The Stamp of Shame

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After a huge public uproar, British police last week launched an investigation into the Post Office’s handling of an IT glitch that led to the prosecution of hundreds of employees for allegedly stealing money, some of whom later committed suicide, the Associated Press reported.

Between 1999 and 2015, over 700 branch managers were wrongly accused of theft or fraud. A computer accounting system called Horizon, developed by the Japanese company, Fujitsu, displayed faulty information that money was missing. The postal workers were sued by the Post Office and sentenced to reimburse large amounts of money.

Many of those accused ended up bankrupt and faced social ostracization, while others were imprisoned. Four committed suicide.

The Post Office long claimed the software was reliable. Nonetheless, since 2021, 93 convictions have been overturned, and a judge alleged the company was aware of Horizon’s faults.

The scandal has been the subject of a public inquiry ongoing since 2022, but widespread interest in the story was vigorously bolstered by a drama series based on the true story of postmaster and Horizon victim Alan Bates that aired on the commercial network ITV on New Year’s Day.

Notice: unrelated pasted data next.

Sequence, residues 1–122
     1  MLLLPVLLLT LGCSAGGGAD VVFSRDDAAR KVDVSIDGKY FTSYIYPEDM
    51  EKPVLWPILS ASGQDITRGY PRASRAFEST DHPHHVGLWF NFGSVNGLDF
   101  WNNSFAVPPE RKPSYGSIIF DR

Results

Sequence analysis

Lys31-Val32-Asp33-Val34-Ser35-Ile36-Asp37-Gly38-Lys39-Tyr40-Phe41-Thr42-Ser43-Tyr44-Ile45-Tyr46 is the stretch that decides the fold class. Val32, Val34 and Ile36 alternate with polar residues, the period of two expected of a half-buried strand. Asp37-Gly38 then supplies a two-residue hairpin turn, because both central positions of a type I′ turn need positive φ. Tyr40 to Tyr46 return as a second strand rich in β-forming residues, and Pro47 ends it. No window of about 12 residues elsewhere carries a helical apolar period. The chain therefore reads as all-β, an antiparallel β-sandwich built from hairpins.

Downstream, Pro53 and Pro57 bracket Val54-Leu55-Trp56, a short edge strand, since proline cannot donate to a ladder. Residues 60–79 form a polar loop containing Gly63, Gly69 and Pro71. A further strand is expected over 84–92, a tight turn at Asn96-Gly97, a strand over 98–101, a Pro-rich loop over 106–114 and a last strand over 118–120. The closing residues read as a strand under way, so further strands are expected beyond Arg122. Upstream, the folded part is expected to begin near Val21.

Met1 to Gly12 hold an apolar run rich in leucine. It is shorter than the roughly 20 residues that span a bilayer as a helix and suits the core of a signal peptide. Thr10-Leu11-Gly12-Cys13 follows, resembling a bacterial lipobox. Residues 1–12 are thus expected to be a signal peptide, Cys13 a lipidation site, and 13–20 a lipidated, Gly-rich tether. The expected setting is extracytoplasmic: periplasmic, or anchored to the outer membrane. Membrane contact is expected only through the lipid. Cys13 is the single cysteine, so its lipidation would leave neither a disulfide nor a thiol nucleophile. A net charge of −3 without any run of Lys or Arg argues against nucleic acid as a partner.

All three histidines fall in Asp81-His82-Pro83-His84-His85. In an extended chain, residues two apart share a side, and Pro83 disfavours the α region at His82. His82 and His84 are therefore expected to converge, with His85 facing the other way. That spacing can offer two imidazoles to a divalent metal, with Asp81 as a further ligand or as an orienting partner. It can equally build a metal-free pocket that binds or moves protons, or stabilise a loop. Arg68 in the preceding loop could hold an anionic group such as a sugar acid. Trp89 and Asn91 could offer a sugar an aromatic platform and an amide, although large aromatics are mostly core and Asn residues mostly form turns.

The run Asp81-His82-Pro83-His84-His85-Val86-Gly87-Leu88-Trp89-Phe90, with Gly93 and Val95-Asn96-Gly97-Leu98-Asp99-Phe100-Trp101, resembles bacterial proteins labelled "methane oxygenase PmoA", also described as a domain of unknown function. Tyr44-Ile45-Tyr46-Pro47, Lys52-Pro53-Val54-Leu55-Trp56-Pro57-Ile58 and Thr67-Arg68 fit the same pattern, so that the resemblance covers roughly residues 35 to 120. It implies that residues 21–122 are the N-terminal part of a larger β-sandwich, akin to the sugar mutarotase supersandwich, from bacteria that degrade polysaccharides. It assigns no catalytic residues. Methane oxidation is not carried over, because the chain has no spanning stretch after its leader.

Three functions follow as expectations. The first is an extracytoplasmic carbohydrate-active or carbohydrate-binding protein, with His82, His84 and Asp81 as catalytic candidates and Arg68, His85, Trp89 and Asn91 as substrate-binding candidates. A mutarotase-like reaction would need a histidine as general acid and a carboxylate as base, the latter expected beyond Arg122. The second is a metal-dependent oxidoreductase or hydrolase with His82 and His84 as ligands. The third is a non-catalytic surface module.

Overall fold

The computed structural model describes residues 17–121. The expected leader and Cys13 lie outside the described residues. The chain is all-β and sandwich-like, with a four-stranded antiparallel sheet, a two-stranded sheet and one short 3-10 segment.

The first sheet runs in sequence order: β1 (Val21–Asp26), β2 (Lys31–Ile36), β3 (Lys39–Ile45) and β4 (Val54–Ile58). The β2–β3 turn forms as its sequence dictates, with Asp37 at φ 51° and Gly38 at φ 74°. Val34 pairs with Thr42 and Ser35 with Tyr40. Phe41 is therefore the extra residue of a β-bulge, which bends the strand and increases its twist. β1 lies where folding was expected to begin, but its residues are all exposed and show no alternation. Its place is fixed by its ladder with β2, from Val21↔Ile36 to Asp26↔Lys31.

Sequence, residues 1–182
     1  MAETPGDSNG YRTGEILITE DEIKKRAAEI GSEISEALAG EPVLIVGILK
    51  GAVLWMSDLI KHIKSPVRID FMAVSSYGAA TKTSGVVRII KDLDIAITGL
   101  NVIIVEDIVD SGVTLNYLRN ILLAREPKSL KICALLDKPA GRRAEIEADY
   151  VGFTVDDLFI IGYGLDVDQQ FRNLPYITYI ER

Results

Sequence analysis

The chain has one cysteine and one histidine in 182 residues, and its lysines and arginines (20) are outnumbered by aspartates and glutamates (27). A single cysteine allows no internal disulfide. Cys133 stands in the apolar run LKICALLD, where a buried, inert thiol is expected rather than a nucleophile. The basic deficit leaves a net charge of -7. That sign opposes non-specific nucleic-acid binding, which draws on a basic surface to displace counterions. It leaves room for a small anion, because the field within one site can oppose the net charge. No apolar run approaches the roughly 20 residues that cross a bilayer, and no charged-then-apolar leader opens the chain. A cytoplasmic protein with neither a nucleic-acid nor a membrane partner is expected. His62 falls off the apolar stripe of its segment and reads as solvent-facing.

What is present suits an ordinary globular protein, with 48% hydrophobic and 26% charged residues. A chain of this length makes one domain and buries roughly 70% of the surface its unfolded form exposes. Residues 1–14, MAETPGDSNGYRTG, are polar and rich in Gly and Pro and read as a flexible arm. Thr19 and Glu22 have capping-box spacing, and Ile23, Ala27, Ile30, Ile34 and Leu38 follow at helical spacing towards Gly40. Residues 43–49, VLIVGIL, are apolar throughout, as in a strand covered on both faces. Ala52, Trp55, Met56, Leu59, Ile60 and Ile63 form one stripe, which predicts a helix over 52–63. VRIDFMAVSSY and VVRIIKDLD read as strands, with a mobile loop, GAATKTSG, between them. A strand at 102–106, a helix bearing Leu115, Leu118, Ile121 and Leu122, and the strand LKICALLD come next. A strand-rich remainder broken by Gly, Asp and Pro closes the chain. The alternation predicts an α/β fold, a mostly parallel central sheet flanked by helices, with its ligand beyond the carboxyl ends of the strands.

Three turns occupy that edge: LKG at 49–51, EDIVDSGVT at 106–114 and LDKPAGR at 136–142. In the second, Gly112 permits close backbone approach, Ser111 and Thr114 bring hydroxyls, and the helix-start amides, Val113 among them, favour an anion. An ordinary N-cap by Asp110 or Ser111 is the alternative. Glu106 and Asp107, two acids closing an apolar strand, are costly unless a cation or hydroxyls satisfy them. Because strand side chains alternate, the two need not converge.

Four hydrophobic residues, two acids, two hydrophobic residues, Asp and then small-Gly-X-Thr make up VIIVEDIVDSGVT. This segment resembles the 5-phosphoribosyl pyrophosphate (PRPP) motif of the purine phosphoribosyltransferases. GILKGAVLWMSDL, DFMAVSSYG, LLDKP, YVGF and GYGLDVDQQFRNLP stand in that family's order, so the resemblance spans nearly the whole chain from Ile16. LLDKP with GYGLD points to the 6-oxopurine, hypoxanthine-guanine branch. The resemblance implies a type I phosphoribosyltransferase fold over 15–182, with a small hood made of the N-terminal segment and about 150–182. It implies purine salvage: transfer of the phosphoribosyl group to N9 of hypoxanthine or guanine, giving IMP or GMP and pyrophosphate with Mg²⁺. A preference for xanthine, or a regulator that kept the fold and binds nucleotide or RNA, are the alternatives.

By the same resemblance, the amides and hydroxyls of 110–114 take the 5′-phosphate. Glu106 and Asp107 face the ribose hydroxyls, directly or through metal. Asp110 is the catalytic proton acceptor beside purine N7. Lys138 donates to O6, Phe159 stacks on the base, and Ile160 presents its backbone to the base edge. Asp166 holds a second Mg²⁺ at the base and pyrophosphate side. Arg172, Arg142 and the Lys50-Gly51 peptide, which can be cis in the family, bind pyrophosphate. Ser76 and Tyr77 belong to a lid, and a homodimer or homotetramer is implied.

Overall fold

Amid the public outrage, Prime Minister Rishi Sunak told Parliament his government would quash all the victims’ rulings and provide compensation amounting to $1.27 billion, the BBC reported.

The move will be backed by an Act of Parliament, which Post Office Minister Kevin Hollinrake admitted would raise “important constitutional issues” since courts are usually the only entities empowered to take such measures.

Lawmakers have demanded that public contracts with Fujitsu, representing billions of dollars, be re-examined. They are scheduled to question the Japanese firm’s leaders in a committee hearing next week, the Japan Times reported.

Asked by the BBC if the burden of compensation would rest on Fujitsu or taxpayers, Hollinrake said he hoped for “a combination of both.”

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